How the Upper GI Tract Works Basically

Most of us have only a vague idea of how the digestive system works. We know, for example, that after we put food into our mouths, chew it, and swallow it, it passes into the stomach, and what’s left after digestion is complete eventually passes out of the body in the form of a bowel movement. We might remember from high school science classes that the gastrointestinal(GI) tract, where digestion occurs, is essentially a hollow tube that begins at the mouth and ends at the anus. Although it is named after its two most prominent features, the stomach (gastro-) and the intestines, the GI tract actually consists of many more vital structures (see Figure 1-1).
Figure 1-1. Major organs of the gastrointestinal system, as well as the lungs, trachea (windpipe), and diaphragm.
Figure 1-1. Major organs of the gastrointestinal system, as well as the lungs, trachea (windpipe), and diaphragm.

Most of us also have a general idea that what we eat not only comes out the other end, but also finds its way into the rest of our bodies, nourishing bones, muscles, nerves, blood, and every other organ, tissue, and cell. The familiar expression, “You are what you eat,” is at least partly true. The food we eat gets converted in the GI tract into something that quickly becomes an intimate part of our physical being. Every cell in the body is comprised of materials that began their existence somewhere in the outside world.
Digestion is the process by which food gets broken down in the GI tract by both mechanical and chemical processes, so that nutrients can be extracted from the food, absorbed into the blood stream, and distributed throughout the body for the myriad purposes involved in keeping us alive and kicking.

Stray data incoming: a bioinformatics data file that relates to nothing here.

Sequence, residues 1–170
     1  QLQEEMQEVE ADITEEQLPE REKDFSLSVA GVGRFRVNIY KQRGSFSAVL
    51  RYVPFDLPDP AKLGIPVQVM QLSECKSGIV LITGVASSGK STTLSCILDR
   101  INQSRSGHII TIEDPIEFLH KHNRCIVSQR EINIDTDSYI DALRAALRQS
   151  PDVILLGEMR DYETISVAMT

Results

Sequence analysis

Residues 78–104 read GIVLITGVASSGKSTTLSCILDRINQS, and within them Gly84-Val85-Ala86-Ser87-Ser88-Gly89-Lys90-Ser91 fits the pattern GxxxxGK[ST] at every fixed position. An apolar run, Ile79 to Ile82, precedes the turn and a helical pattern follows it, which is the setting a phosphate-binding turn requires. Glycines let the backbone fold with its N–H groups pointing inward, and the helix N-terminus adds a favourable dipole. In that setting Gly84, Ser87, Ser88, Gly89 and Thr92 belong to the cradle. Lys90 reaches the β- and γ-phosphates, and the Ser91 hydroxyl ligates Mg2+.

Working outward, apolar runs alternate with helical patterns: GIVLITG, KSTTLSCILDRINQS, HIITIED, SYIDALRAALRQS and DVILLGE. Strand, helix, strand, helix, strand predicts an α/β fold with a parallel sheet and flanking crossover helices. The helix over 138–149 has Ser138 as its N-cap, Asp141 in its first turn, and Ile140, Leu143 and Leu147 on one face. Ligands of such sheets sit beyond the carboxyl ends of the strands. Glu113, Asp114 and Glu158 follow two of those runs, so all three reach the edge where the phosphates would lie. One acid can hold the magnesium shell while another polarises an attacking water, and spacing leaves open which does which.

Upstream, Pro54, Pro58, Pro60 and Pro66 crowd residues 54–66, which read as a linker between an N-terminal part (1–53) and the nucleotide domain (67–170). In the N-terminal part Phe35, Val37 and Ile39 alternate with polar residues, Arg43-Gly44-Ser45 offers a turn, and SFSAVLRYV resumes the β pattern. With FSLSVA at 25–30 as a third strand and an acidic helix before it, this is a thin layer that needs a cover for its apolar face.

Although we often take it for granted, digestion involves a highly complex and well-coordinated interaction of many different acids, enzymes, alkaline substances, hormones, and other items too numerous to mention. When these are produced and released in just the right amounts at just the right times, digestion proceeds unnoticed, in the background, perfectly. But if something upsets the balance, say a deficiency in stomach acid, it can have profound health effects that may manifest as an upset stomach or heartburn, but may extend far beyond the stomach itself.
In this post, we focus on a small but extremely important part of the digestive story that takes place in the region sometimes called the upper GI tract, which includes the mouth, esophagus, and stomach. The upper GI tract functions as a kind of staging area for the digestive system. It is here that food is broken into small, manageable pieces, softened, lubricated, and liquefied. At the same time, proteins, amino acids, minerals, and other nutrients are extracted from food and processed to make them optimally available for the subsequent steps in digestion and absorption that take place later on. Any disruption here will be felt and magnified far downstream. Like most other processes in the body, digestion can be extremely complex, but don’t get scared, we’ll try to keep it simple.

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